Good? Not good? If I hadn’t changed in response to the realities of life, I’d probably be dead or living on the street. I guess that makes them good, right? I read less, write more.

I keep taking pictures. It’s now more than forty years of photography. That’s consistent, anyhow.

Garry was shy, solitary. He was so driven by career and work he didn’t have time for anything, anyone else. Like making friends, building a personal life. Yet … when I came back into his life, he began to emerge. He started to pull back from work, become more sociable. Now, he couldn’t be paid enough to go back to work.

1990 in Ireland

1990 in Ireland with Author Gordon Winter

He used to be the kind of guy who always looked like he’d just stepped out of the pages of GQ. Now, he wears sloppy shorts and old tee shirts or pajama bottoms and sweatshirts.

He remains passionate about sports, but can miss the game and watch a movie without having a crisis.

Both of us eat less, don’t drink at all. Our world centers around each other and a few close friends and family.

You know what? I think it’s good. And appropriate.

LOVE ME, LOVE MY TRACTOR

You may have noticed the old tractor in the middle of the garden. When we were trying to sell the house some years ago, a couple of potential buyers commented how they’d have to have it towed away. I put a mental black mark next to their names because I love that tractor. If you don’t appreciate the tractor, you won’t like my house (they didn’t)

72-Tractor-29Jun_13It’s a rusty 1928 Fordson. Not a rare vintage; it was common farm equipment in its day. I loved it the moment I saw it, sitting on a lawn up the road a piece. I wanted it. I knew it didn’t run and never would, but for me it was the perfect garden accessory.

Some people put flamingos in their garden. Deer. Ducks. Around Halloween, anything goes and for Christmas — well — we’ve all seen the lengths to which some people will go.

One family just up the road from here has a crèche, a wishing well, several gnomes and a lighthouse almost large enough to use as a real lighthouse, except it’s hollow plastic. I believe they also have several types of small animals tucked in between the other statuary et al. It’s a very busy garden and half the size of ours. Only careful landscaping has allowed them to fit quite so much garden bric-à-brac in so small a space.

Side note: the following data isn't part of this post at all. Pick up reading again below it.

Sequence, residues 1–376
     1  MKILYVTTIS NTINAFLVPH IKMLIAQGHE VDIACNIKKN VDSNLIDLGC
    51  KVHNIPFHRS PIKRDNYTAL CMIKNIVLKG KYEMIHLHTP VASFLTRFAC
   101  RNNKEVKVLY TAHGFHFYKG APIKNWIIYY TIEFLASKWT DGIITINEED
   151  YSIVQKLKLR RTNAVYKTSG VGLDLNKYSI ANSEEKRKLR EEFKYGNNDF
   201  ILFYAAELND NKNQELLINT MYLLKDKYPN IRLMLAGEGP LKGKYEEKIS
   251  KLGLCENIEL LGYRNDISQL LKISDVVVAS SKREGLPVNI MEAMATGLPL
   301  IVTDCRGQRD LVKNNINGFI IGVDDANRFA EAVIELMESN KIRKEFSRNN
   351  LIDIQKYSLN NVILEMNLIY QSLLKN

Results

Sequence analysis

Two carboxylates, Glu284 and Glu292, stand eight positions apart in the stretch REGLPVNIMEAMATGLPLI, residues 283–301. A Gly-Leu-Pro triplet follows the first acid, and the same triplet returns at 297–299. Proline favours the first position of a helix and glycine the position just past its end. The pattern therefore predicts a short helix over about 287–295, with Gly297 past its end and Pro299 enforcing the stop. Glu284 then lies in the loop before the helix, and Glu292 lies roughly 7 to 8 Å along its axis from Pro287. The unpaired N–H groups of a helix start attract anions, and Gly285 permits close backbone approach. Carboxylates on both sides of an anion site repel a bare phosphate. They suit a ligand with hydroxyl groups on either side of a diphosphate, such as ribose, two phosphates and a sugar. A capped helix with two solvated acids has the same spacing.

And this stuff’s not cheap. If you’ve ever gone and priced garden statuary, a nicely done piece — cement not plastic — can cost you as much as remodeling your kitchen. Well, almost as much. Okay, about half the price.

The tractor wasn’t cheap. It was (is) a real tractor, not some phony doodad. Someone farmed using that piece of machinery. It was, in its day, a serious investment. So I don’t understand why someone would think a fake lighthouse looks cool while yearning for a bigger bogus wishing well, but find our antique tractor odd. Maybe they’d like it better if we’d bought it at Walmart?

tractor with daffodils

Garry bought it for me as a tenth anniversary gift. Now that is a husband who gets his wife. He knew to whom he is married. And that’s why we are still married and likely to remain so forever (or as close to forever as we may).

As we approach our 25th anniversary — now a mere 10 weeks distant — I love my tractor more than ever. It has stood the test of time. In another 13-1/2 years, it will have its hundredth birthday. In its second life, during the past 15 years we have planted around it and vines have grown over it. It is as much a part of the garden as the earth on which it stands.

Love me, love my tractor.